Enthusiastically received by a delighted audience, the charming Once (music and lyrics by Glen Hansard, Marketa Irglova) is deceivingly simple but deeply touching.
The particular joy of reading Lanny is to travel the road without a map.
If the preview I saw of Men in Black: International was a Sydney Film Festival (SFF) film rather than just showing at the same time as the SFF, people would have walked out on it.
Flick back through your old family photo albums and it’s possible, if you’re a Sydneysider, that you’ll find a snap of one of your family members walking down George Street or past the retail emporium Mark Foys.
In this evocative and playful queer reimagining of Oscar Wilde’s fairytale, the opposition between the coldness of the world and the warmth of emerging love is delicately maintained.
In 30 Years of 65 Thousand, three contemporary works are brought together to showcase the strength and vibrancy of Bangarra’s gift to our nation.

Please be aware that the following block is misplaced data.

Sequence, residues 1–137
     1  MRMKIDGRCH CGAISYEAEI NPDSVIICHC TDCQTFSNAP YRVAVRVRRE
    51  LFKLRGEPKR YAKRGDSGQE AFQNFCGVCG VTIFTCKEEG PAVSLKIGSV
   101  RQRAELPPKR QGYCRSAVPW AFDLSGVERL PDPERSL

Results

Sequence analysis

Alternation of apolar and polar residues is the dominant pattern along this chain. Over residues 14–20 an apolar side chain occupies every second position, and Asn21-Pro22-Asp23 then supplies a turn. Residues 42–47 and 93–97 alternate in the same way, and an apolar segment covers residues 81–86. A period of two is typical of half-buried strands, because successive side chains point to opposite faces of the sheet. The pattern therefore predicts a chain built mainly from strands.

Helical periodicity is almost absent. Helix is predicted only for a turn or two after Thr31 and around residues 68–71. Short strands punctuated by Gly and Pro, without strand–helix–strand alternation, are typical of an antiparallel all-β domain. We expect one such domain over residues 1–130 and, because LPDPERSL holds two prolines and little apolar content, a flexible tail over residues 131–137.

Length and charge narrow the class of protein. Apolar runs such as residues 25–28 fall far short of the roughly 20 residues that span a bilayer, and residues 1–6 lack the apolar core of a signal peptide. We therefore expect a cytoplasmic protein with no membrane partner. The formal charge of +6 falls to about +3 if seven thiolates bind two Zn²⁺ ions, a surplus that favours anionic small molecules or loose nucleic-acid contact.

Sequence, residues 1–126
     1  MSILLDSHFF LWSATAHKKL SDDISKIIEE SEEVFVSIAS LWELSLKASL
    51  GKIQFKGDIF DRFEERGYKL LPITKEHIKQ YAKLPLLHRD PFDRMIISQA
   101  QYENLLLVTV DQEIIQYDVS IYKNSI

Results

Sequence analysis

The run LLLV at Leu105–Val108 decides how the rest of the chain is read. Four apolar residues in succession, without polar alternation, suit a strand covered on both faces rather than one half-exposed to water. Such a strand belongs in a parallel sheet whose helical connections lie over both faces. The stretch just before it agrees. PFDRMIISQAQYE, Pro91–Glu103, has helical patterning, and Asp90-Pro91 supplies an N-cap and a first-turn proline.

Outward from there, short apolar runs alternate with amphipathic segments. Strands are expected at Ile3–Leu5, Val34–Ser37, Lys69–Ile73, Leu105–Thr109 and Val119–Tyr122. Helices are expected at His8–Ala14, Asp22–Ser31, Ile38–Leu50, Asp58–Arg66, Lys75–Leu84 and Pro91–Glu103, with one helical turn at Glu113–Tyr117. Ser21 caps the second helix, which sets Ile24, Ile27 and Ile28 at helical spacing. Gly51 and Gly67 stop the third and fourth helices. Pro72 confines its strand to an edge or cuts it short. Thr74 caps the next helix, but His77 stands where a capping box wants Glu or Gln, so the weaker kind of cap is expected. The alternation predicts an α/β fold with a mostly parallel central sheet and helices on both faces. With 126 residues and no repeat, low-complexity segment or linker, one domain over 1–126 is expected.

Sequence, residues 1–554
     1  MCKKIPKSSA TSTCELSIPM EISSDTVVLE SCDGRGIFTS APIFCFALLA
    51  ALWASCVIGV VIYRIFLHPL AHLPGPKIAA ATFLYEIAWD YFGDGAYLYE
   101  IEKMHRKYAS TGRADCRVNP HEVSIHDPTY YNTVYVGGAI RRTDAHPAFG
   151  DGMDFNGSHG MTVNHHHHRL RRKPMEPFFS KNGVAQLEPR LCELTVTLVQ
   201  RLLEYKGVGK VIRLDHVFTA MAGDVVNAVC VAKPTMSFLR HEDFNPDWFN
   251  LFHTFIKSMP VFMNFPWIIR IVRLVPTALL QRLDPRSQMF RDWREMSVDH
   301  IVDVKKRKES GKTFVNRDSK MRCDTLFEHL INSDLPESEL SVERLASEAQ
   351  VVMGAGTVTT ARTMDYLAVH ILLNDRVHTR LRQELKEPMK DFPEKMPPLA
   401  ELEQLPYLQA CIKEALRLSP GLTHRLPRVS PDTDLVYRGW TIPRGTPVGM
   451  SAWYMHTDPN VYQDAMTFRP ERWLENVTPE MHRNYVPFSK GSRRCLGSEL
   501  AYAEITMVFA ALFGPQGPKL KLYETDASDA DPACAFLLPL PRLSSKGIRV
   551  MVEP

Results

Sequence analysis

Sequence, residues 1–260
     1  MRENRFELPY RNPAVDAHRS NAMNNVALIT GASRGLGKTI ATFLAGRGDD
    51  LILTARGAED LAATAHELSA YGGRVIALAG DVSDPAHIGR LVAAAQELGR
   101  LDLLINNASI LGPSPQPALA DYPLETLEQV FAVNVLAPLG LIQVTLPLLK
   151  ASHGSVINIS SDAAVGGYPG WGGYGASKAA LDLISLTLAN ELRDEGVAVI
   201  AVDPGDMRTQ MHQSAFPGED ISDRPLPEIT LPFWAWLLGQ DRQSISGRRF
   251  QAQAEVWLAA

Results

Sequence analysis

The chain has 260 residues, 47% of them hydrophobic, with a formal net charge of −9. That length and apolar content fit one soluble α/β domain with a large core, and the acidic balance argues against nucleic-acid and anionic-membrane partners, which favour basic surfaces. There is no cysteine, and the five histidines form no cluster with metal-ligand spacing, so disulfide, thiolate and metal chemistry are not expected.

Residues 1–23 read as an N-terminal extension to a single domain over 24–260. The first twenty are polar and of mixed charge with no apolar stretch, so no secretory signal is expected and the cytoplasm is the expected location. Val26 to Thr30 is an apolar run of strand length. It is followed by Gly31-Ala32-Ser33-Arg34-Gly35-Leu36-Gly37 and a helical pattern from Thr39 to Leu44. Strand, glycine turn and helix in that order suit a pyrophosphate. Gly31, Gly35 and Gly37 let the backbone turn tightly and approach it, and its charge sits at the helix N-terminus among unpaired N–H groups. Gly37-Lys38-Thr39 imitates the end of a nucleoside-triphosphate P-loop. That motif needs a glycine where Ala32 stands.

EVELEIGH: The theme of this year’s Sydney Writers’ Festival was “Lie to Me” and the program promised that the line-up of writers would examine white lies, deceptions, malicious lies and the ways that writing can be employed to deceive people in “an increasingly post-truth world”.
Red Joan is probably the least thrilling spy film ever made.
Alana Valentine worked with designers, brides and health-based scientists to write Made to Measure, a play based on a large-bodied woman’s search for her dream wedding-dress.
While there was a positive reaction to the City of Sydney’s alternative take on the government’s “preferred option” for the redevelopment of the Waterloo estate, the plight of vulnerable residents remains unchanged.